Furthermore, new studies have recently been released examining dual pathway inhibition [29,33]. The PI3K/AKT/mTOR pathway is an important cascade involved in signalling cellular growth, metabolism, and translation initiation (Figure 1). Along with MAPK, it is one of the most commonly altered signalling pathways in solid malignancy [33]. In melanoma cells, PI3K/AKT/mTOR has been shown to interact extensively with the MAPK pathway and potentially lead to its activation via phosphoionsitide 3-kinase (PI3K)-RAS interaction [29]. Whilst alone, it is not sufficient to completely confer re-sistance to combined therapy, PI3K has shown to contribute to earlier resistance devel-opment by modulating tumour responses to MAPK inhibitors [26,28]. Current evidence suggests that PI3K/mTOR pathway inhibition via ATP, and to a lesser extent, non-ATP competitive inhibitors can have a modest impact on both primary melanoma tumours and metastasis, diminishing the growth and proliferation of cells [29]. Therefore, the efficacy of PI3K and MAPK is being trialled in the hope it will ultimately improve patient out-comes [26,27]. Dual PI3K and MEK inhibition, the most common combination under-going investigation, currently results in only modest success and a number of relatively frequent adverse effects that include diarrhoea, nausea, pyrexia, rash, and fatigue. How-ever, this does not discount the feasibility of this dual pathway approach, but merely highlights the requirement for further investigation to improve tolerability [29]. This in-volves discerning the most optimal dosing schedule, perhaps targeting other members of the P13K/AKT/mTOR pathway, or augmenting patients with predictive factors [29].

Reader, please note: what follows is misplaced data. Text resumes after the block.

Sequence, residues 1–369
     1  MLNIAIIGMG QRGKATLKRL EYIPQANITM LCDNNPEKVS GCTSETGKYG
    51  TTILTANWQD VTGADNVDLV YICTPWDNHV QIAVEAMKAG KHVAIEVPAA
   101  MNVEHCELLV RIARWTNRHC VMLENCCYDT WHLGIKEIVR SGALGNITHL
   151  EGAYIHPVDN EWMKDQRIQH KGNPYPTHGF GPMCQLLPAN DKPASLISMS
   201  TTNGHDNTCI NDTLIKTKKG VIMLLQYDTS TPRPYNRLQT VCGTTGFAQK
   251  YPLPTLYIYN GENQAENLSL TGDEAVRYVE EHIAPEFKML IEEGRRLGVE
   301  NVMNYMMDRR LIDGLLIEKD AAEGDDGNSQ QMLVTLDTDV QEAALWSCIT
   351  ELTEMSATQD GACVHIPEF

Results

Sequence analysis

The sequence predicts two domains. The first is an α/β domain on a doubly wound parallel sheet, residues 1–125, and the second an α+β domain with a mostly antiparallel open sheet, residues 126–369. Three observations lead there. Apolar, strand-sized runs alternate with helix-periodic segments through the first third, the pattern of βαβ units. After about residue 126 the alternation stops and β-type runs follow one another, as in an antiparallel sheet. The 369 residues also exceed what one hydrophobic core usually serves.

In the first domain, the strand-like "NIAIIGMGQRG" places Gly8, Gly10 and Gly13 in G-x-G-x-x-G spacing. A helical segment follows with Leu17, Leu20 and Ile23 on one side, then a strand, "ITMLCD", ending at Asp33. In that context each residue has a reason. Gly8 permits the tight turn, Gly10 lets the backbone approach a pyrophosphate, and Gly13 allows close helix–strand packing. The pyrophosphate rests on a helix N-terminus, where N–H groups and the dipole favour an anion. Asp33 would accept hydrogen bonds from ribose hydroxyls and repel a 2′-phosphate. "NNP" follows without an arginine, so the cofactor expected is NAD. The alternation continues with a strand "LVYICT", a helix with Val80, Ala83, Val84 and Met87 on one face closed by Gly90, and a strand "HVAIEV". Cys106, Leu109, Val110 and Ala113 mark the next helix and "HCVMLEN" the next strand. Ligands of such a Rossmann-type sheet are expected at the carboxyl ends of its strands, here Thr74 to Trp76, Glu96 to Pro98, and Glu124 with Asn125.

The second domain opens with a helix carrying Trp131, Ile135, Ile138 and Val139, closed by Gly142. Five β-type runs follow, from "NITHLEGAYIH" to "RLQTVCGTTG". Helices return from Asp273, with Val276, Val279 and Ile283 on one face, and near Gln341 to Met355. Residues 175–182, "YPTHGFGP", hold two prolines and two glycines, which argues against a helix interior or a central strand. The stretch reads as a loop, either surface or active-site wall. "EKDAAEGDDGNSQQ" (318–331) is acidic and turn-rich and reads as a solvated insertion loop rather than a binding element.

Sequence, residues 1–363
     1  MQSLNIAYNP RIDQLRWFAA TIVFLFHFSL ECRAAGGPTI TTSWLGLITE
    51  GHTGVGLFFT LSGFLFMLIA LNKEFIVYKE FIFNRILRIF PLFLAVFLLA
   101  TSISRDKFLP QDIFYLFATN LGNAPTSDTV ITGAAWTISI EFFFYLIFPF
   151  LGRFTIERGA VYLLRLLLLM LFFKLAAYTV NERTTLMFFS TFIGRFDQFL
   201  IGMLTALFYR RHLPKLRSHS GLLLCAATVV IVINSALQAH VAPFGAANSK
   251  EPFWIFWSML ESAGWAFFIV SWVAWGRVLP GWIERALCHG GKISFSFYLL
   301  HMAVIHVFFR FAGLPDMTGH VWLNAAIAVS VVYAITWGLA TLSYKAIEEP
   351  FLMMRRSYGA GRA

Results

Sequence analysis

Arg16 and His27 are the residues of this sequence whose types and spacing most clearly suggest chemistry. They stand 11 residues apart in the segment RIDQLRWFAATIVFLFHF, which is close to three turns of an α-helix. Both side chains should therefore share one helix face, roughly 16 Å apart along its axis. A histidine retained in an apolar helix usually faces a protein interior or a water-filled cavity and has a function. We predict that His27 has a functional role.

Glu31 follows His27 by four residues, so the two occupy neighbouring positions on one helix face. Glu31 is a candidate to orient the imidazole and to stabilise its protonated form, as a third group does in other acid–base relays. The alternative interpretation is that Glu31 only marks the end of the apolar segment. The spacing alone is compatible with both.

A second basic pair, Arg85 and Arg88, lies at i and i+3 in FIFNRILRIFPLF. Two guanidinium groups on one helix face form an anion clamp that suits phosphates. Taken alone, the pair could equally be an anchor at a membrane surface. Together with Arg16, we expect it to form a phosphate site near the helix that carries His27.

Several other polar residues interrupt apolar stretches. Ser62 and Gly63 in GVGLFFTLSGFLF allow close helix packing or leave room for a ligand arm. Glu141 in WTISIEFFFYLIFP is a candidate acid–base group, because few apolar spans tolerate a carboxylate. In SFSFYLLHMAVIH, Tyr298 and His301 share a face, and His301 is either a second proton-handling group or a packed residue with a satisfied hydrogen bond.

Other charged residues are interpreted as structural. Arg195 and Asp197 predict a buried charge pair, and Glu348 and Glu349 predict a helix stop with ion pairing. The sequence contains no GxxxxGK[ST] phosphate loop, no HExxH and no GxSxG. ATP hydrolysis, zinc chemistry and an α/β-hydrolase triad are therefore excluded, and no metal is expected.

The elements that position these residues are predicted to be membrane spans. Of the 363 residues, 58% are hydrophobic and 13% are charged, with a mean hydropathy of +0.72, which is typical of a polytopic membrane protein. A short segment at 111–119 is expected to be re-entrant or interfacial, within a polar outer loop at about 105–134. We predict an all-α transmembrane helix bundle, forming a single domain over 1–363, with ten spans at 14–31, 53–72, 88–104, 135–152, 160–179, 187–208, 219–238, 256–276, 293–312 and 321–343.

Furthermore, the eIF4F complex (discussed earlier) sits at the junction of multiple onco-genic pathways and plays an essential role in producing the intratumoural heterogeneity that ultimately assists drug resistance development [32]. As such, its combined inhibi-tion with the MAPK pathway may provide a formidable effect in improving treatment efficacy [30]. There is currently work being done to target all three components of the complex, including: blocking eIF4E-cap interaction, interfering with eIF4E-eIF4G inter-action, inhibiting eIF4A helicase activity, and suppressing eIF4E levels — all with vary-ing degrees of success [31,32]. For example, eIF4A inhibitions (such as silvestrol) have a more potent effect compared to eIF4E in reducing global protein synthesis and thus the capability of tumour cells in developing treatment resistance, largely because cellular translation requires persistently high eIF4A concentrations, but not eIF4E, to be main-tained [30,31]. Whilst silvestrol therefore appears an advantageous agent to combine with MAPK inhibitors, it too is vulnerable to drug resistance due to overexpression of ABCB1/P-glycoprotein, thereby hampering its use in in vivo studies [30]. Ultimately, the introduction of eIF4F complex and MAPK doublet inhibitors as a possible treatment avenue is only a recent occurrence, and significantly more research is required before any definite conclusion can be established [31]. However, it theoretically can provide a potent influence in the seemingly insurmountable barrier of resistance in metastatic mel-anoma treatment, and thus provides hope for future patient outcomes [30].